“the women of Cambodia are fighting back”

It is within this environment of abuse that the women of Cambodia are fighting back. The women of Boeung Kak Lake have undergone a stream of indignities since the lake that used to dominate their neighbourhood in Phnom Penh was filled with sand in 2010, amid forced evictions and devastating floods. Since then, they have vehemently protested the destruction of their homes. They have marched in the streets and outside parliament, despite illness or age and ignoring the risk of beatings or arrest. Their campaign has become internationally renowned for their advocacy methods, eschewing the company and methods of their male counterparts in favour of non-violent protest.

Despite this, in November 2014 7 of the women and 1 monk were arrested for protesting in front of the Phnom Penh city hall. They were charged and sentenced within 24 hours, and when other community members protested this, 3 of them were also arrested.[3] At the same time in another area of Phnom Penh, 2 members of a family fighting for their land rights were also arrested, but while the father was released shortly after, his daughter remains in prison. The proceedings for all 11 women and 1 monk failed to recognize fair trial rights, and ignored their fundamental freedoms to expression, assembly and protest.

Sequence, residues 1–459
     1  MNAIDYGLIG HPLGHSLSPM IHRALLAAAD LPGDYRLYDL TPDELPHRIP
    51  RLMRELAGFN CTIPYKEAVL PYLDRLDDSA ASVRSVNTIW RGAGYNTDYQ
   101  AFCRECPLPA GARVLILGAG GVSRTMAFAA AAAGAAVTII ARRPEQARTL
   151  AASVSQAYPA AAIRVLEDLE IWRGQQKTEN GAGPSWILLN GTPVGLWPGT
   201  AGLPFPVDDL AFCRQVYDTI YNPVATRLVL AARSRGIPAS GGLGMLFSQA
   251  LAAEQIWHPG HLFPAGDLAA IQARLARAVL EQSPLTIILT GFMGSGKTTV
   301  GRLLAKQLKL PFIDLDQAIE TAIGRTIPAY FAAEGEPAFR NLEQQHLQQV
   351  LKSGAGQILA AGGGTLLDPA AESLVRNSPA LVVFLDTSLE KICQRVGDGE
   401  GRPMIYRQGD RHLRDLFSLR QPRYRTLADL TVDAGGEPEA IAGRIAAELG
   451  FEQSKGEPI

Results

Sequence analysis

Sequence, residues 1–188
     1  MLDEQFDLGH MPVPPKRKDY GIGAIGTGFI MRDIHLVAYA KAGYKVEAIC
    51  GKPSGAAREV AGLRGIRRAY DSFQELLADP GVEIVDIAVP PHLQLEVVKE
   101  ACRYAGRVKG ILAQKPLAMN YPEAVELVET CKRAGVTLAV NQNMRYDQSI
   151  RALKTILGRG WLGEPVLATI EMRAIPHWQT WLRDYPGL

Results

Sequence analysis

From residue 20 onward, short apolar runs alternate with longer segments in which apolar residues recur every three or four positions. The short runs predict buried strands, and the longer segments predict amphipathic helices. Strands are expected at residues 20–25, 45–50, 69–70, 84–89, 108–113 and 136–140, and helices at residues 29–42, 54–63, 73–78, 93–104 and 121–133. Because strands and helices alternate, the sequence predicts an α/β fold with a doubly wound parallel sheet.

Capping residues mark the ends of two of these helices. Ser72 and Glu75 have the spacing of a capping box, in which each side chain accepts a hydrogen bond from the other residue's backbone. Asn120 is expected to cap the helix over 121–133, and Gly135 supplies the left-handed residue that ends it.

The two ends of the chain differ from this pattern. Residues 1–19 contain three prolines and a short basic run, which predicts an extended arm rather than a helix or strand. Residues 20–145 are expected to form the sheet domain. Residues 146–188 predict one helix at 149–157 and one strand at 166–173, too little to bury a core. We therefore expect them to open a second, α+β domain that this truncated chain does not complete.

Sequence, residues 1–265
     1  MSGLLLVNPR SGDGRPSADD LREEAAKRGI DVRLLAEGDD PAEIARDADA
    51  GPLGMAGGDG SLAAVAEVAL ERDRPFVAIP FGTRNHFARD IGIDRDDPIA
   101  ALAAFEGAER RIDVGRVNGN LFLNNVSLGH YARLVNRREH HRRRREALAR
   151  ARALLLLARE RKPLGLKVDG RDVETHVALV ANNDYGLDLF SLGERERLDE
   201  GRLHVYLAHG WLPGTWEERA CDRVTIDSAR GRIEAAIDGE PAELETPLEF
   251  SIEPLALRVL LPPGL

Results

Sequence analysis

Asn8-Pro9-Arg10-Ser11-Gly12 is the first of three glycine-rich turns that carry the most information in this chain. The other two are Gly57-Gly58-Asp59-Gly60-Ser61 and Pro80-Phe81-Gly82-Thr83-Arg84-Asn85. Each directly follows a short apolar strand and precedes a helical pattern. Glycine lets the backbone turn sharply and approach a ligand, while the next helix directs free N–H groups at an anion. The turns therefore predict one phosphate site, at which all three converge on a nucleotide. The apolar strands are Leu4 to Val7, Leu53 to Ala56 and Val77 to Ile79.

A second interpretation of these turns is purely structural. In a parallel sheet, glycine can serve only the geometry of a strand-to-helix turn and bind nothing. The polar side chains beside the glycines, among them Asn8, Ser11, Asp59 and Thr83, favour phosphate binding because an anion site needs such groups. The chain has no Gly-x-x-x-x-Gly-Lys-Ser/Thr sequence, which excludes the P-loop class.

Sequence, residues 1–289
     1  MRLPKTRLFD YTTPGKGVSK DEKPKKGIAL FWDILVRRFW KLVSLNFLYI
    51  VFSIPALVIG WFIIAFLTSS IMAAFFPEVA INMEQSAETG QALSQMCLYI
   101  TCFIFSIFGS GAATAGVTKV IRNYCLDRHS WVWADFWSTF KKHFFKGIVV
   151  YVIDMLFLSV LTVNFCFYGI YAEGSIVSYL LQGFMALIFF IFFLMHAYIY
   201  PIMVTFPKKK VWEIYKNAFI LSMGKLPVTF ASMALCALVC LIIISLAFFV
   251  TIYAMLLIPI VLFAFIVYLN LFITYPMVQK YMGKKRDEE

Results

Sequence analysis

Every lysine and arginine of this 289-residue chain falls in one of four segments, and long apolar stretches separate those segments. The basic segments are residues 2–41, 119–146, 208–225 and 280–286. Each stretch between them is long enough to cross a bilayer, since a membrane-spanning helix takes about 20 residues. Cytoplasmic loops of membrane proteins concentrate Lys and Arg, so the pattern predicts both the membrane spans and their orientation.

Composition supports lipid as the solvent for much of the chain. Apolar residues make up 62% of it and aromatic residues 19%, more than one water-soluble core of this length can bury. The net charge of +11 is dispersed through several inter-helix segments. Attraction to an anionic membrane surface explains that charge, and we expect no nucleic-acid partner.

A community member cannot hold back her emotion while speaking at the campaign launch to 'Free the 12'

A community member speaking at the campaign launch to ‘Free the 12’ in March at CCHR